Crime has a natural path into comedy, especially if it doesn't sacrifice its core of darkness. "Arizona," a hilariously unflattering portrait of the suburban Southwest, roars down that trail with both feet on the accelerator, guns blazing, kerosene-soaked rags in the trunk and nobody wearing a seat belt.
If you liked "Breaking Bad's" bloody transformation of a sad sack science teacher into a meth-dealing Scarface, this will have you jumping up and down. Bad things happen, punchlines land hard enough to pop your eyes and Judeo-Christian principles are torn away like bark being ripped off old trees. It's a lot of fun.
The setting is a slice of Arizona wasteland; the time is the 2009 mortgage meltdown when the housing market collapsed like a tower of Jenga blocks. That is the rampaging elephant in the room when Cassie (Rosemarie DeWitt, TV's "Mad Men"), a real estate agent and single mom, walks her clients around a McMansion in a largely unpopulated development. She's dead broke and struggling for sales with a tone of forced optimism so sunny it could give you heatstroke.
After a delightfully malicious face-to-face with her arrogant con man boss, she witnesses an even angrier showdown he has with an upset client. Sonny (Danny McBride from "Pineapple Express" in a long-deserved leading role) is ticked off because his home, which was promised to double in value, is now underwater, which leads to the two men slapping each other like irate T. rexes.
The fallout from that spat results in Sonny taking Cassie as his hostage. They go on the run, a flight that takes them places together, apart and in pursuit of each other. Along the way they cross paths with, among others, her ex-husband, his much younger girlfriend, Sonny's ex and their town's one-man police department, leaving impressive, and often accidental, destruction in their wake. While cast members of note are usually named in reviews, discovering the veteran comedians who show up for cameos is part of the movie's charm.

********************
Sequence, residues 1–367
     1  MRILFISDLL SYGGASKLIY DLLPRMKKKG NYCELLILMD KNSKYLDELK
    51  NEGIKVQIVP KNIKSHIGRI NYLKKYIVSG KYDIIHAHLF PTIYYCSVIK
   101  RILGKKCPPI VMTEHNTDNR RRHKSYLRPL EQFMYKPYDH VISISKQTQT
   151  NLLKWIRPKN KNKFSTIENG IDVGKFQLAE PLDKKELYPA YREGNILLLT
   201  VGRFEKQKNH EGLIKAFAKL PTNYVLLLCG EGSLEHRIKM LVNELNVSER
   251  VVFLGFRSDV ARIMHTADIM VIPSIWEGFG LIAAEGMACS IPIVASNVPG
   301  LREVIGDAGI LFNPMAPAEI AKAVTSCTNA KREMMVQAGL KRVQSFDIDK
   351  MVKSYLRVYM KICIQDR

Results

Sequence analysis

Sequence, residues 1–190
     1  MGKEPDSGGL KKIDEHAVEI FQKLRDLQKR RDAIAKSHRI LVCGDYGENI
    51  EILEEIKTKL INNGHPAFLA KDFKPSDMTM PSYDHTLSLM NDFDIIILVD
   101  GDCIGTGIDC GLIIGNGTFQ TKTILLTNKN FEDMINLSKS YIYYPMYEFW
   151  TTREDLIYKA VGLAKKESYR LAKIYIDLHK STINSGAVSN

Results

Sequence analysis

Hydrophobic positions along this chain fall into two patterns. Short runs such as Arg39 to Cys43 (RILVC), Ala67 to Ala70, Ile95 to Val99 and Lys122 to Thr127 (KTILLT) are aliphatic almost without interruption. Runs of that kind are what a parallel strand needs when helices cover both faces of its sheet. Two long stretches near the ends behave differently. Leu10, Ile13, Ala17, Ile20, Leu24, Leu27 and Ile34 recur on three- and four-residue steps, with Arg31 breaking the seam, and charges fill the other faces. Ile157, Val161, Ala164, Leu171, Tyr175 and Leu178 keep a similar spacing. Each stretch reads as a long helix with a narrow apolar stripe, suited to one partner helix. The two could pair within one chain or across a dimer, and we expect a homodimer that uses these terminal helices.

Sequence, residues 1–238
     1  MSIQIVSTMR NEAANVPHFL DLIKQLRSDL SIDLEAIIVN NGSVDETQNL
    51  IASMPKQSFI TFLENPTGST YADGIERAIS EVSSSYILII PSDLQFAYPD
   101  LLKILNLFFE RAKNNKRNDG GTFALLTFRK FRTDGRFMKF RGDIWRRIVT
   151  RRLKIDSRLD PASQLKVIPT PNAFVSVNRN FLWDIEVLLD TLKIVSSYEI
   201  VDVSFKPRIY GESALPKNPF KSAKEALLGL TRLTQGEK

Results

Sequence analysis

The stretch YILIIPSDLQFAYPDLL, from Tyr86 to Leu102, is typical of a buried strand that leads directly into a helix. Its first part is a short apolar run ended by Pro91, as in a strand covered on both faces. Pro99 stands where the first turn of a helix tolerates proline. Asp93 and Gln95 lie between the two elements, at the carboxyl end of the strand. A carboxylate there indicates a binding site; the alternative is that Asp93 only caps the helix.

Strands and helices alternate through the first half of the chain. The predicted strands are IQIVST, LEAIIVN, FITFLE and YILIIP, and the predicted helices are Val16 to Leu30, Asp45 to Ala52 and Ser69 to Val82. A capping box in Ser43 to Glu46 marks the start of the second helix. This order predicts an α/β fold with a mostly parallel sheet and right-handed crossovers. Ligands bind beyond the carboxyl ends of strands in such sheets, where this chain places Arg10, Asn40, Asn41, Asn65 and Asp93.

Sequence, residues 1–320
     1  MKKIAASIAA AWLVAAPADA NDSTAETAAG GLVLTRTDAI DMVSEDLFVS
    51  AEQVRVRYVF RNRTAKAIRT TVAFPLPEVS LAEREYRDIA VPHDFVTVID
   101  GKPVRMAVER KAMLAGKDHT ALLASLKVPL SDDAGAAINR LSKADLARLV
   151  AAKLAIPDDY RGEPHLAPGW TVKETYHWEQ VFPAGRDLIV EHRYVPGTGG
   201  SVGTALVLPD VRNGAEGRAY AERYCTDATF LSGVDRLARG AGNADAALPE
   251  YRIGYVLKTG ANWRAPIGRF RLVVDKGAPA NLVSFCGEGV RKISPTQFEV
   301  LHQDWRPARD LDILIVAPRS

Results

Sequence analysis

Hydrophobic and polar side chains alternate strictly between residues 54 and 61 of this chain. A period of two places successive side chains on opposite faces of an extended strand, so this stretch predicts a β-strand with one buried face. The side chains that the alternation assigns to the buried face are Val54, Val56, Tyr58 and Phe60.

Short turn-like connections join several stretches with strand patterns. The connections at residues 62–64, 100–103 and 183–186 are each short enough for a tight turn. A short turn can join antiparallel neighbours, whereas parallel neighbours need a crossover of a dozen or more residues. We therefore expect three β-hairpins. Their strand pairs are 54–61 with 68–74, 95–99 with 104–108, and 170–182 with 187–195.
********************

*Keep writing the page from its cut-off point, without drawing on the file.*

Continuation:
The characters try to take a rational approach to an increasingly irrational world. McBride makes Sonny, who is in big trouble from early on, oblivious to admitting how big a hole he is digging himself into. He holds Cassie prisoner in an apologetic, humane manner. When she tells him she won't cooperate, he's not threatening, he's exasperated.
There's an underlying connection between Sonny and Cassie. They've both just come out of bad marriages, lie but hate being lied to, are starved for happiness, want a way out of their financial death spiral and have, to a degree, brought it all on themselves. They're insecure and living in parallel isolation and could have been friends under happier circumstances. He talks sweet until things go wrong and then echoes an abusive husband's "See what you made me do?" This wicked directorial debut from Jonathan Watson tickles your ribs and then slides a kitchen knife between them.